OpenBSD already includes the Unbound authoritative DNS server, so it’s a matter of configuring it to act as the local DNS server and also to enable validation. Everything you need to run the server is already on the system.

Root server list and trust anchor files

Once we told the local system to use the local Unbound as its DNS server, we need to configure it. Note that dhclient will still add the upstream provider DNS server to resolv.conf, so it is still there as a fallback.

Time to set up Unbound. A validating DNS server needs a few more pieces of data compared to a standard recursive DNS server. The two important items are the trust anchor and the root hints so Unbound knows where to find the root name servers. Note that OpenBSD runs Unbound in a sandbox and thus all the configuration is under /var/unbound.

We start with retrieving the root.hints file that contains the list of root DNS servers:

wget https://www.internic.net/domain/named.root -O /var/unbound/etc/root.hints

A quick check with more /var/unbound/etc/root.hints shows that we received the expected list of root servers.

The second part we need is the trust anchor, which is the cryptographic key our DNS server needs so it can validate DNSSEC. After a couple of false starts I simply ended up using unbound-anchor to download the trust anchor and configured Unbound via the auto-trust-anchor setting to automatically check and update the trust anchor when necessary.

Pretty much all of the Internet tutorials suggest that the trust anchor should be stored in /var/unbound/etc. In my OpenBSD setup, unbound can’t write to that directory so I ended up sotring it in /var/unbound/db instead.

Unbound.conf minimal setup for validating server

Now we’re finally ready to configure unbound itself. My basic, stripped down version of the configuration looks like this:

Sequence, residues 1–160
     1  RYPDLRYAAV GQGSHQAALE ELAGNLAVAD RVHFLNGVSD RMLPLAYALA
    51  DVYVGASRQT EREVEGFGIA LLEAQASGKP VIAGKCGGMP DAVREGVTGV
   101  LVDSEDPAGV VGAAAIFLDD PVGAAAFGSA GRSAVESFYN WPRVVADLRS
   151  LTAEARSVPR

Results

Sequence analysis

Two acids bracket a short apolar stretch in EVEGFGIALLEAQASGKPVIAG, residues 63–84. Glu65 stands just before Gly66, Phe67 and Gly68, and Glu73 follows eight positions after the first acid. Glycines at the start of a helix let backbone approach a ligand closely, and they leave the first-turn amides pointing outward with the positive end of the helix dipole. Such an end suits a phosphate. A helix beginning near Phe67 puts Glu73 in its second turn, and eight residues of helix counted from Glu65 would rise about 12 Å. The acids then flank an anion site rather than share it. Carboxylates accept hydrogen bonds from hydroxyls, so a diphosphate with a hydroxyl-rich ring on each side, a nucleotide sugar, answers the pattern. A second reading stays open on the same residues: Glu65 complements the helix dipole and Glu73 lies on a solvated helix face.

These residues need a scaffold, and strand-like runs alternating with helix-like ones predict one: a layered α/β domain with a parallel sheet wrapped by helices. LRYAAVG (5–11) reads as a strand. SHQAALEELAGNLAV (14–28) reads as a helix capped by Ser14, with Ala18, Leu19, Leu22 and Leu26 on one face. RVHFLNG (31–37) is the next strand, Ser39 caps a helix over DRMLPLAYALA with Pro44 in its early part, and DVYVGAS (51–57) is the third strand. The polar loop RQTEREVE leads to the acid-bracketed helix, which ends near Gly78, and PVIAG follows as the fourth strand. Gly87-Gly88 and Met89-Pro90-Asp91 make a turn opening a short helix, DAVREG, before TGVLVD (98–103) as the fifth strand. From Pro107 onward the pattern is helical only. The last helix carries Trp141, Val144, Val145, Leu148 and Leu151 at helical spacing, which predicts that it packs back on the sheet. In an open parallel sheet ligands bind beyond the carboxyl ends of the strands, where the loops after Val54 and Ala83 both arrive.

server:
  verbosity: 1
  #
  # Interfaces and access control. Make sure we're not suddenly
  # running an open public resolver
  #
  outgoing-interface: 'real' server ip'
  interface: 127.0.0.1
  interface: 192.168.1.1         # Internal VPN interface
  access-control: 127.0.0.0/8    allow
  access-control: 192.168.1.0/24 allow
  #
  # Basic configuration
  #
  port: 53
  do-ip4: yes
  do-ip6: no                     # VPN server currently doesn't support IPV6
  do-udp: yes
  do-tcp: yes
  #
  # Root servers, trust anchor and validation logging
  #
  root-hints: "/var/unbound/etc/root.hints"
  auto-trust-anchor-file: "/var/unbound/db/root.key"
  val-log-level: 2
  val-clean-additional: yes
  #
  # Some basic hardening
  #
  hide-identity: yes
  hide-version: yes
  harden-glue: yes
  harden-dnssec-stripped: yes
  use-caps-for-id: yes
  unwanted-reply-threshold: 10000
  #
  # Ensure we don't return private addresses to prevent DNS
  # rebinding attacks
  #
  private-address: 10.0.0.0/8
  private-address: 172.16.0.0/12
  private-address: 192.168.0.0/16
  #
  # Other settings. I don't expect to see a lot of DNS traffic so
  # I turned off prefetching
  #
  prefetch: no
  #
  num-threads: 1

Now that we have a working configuration file, we need to enable and start Unbound:

vpn# rcctl enable unbound
vpn# rcctl start unbound
unbound(ok)

Testing DNSSEC validation

At this point we have a working server with supposedly working DNSSEC validation. Obviously we work on ‘trust, but verify’. To check that we have indeed a working validating server, we can run the following command:

dig www.nic.cz. +dnssec

The header section of the result should look like this:

; <<>> DiG 9.4.2-P2 <<>> www.nic.cz. +dnssec
;; global options:  printcmd
;; Got answer:
;; ->>HEADER<<- opcode: QUERY, status: NOERROR, id: 18417
;; flags: qr rd ra ad; QUERY: 1, ANSWER: 2, AUTHORITY: 0, ADDITIONAL: 1

See the bolded ‘ad’ in the flags line? Now compare this to the output of the same command, but run on my MacBook using the ISP’s resolver:

; <<>> DiG 9.10.6 <<>> www.nic.cz. +dnssec
;; global options: +cmd
;; Got answer:
;; ->>HEADER<<- opcode: QUERY, status: NOERROR, id: 12527
;; flags: qr rd ra; QUERY: 1, ANSWER: 2, AUTHORITY: 0, ADDITIONAL: 1

The ISP’s resolver doesn’t support DNSSEC in this case, so you can see the ‘ad’ flag missing. That flag indicates that the result from the upstream server validated.

Update the WireGuard config on the client

After I verified that the validation is working, it is time to update the WireGuard configuration on all clients so they point at our shiny new validating server rather than the third party DNS servers I used in the first installment.

Summary

At this point I have a validating DNS server, however it still passes through requests for every domain including the typical ad slinging domains. In the next installment of this series I’ll add filtering rules to try to get rid of most, if not all of them.

Building an OpenBSD Wireguard server